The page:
Posted by: John Emerson | Link to this comment | 01- 7-09 6:47 PM
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You haven't made a point yet.

You: Economists are to blame for the Chicago School representing the profession.
Me: Larry Summers is not part of the Chicago School.
You: What's your fucking point?

My point seems to be that you have a pet idea and are completely unable to even grasp evidence that doesn't fit in with it. Have I made it yet?


Posted by: Barbar | Link to this comment | 01- 7-09 6:51 PM
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158:Never

But the vanity stuff was getting positively Proustian by 98 & 100. Proust more fun than Friedman, of course.


Posted by: bob mcmanus | Link to this comment | 01- 7-09 6:51 PM
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"Milton's problem is that everything makes him think about money. Everything makes me think about sex, but at least I leave it out of my papers."

Robert Solow


Posted by: Walt Someguy | Link to this comment | 01- 7-09 6:56 PM
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Bah, I toss the 9th and 1oth Feuerbach Theses at both of ya and run off to read Van Gogh on Van Gogh, illustrated by Van Gogh.

I am probably just being vain & manipulative, anyway.


Posted by: bob mcmanus | Link to this comment | 01- 7-09 6:57 PM
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162: But the vanity stuff was getting positively Proustian by 98 & 100.

I see.


Posted by: parsimon | Link to this comment | 01- 7-09 7:00 PM
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Barbar, your first response was to disavow the Chicago School, in defense of the profession. Then I said something about Schleifer and you said he's not in the Chicago school. QED.

So fine, lots of economists are shits, not just the Chicago school. In other words, your first defense didn't mean anything. OK.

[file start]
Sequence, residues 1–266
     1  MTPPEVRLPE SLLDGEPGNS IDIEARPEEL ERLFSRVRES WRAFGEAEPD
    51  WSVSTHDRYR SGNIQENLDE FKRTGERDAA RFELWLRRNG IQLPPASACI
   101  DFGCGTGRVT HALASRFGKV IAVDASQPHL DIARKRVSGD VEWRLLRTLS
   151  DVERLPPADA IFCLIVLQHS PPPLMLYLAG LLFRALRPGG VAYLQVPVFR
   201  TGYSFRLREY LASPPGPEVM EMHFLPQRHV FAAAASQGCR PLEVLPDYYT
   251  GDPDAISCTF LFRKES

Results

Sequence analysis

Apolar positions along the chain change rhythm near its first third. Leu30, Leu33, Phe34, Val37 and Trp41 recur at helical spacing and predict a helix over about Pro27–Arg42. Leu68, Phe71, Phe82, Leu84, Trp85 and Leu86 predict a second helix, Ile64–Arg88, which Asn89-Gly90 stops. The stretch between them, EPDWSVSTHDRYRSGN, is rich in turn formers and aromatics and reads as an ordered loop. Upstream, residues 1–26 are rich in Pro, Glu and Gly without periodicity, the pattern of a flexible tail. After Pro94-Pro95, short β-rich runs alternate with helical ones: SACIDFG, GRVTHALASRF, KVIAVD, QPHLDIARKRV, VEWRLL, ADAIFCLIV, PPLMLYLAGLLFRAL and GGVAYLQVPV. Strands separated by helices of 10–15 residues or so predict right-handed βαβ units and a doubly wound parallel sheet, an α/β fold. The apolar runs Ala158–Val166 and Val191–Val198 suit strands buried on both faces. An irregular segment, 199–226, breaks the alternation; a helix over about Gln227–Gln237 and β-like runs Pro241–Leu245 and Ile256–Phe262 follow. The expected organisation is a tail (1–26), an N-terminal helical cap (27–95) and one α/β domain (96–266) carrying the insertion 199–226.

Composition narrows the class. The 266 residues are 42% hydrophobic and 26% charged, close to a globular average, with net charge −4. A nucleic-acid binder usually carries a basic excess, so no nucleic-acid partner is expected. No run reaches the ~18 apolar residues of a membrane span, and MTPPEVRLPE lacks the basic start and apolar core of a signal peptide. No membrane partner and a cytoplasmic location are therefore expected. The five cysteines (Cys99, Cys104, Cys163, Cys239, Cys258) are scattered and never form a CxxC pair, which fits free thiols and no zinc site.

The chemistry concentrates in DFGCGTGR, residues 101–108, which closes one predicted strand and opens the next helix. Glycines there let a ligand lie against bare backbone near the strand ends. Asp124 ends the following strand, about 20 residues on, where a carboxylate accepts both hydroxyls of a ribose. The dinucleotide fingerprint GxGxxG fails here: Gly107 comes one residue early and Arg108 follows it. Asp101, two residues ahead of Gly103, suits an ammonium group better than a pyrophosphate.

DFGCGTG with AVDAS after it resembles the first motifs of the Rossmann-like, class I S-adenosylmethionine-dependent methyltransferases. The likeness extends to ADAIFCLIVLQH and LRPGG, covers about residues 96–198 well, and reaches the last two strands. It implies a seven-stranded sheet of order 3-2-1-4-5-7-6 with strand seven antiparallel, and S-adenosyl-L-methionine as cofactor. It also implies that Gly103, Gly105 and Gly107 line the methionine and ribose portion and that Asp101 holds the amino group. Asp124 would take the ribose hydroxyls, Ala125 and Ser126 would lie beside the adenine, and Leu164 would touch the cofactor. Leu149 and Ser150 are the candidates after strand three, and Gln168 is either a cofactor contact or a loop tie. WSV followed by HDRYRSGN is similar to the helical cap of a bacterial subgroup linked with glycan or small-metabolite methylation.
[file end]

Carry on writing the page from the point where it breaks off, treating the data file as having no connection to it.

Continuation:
Posted by: John Emerson | Link to this comment | 01- 7-09 7:03 PM
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Sigh.

Why do I point out that Summers and Schleifer are not Chicago School economists? Because I think this fact provides a clue that the Chicago School is not the right thing to blame for the crappiness of today's big-time economists. Do I need to explain this further? Is it too subtle?

What is responsible for Summers and Schleifer's crappiness? Is it their crappy (non-Chicago-School) academic economic ideology? I humbly suggest no, that's not it, that most of their academic work would be unobjectionable from your political perspective.

I'm just trying to point out inconsistencies in your story, John. I know a little (not very much) about this subject; clarifying things is my entire agenda here. What you do next is up to you. Based on past experience, in 5 minutes you are going to write something like "Fuck economists for letting the Chicago School represent them. There's something wrong with a profession that's so entirely dominated by bad ideology. Why don't some economists with reasonable ideology rise to the top of their profession and take high-profile roles? And fuck Barbar, nothing he says is even remotely related to what I'm talking about." And we can do this whole little dance again.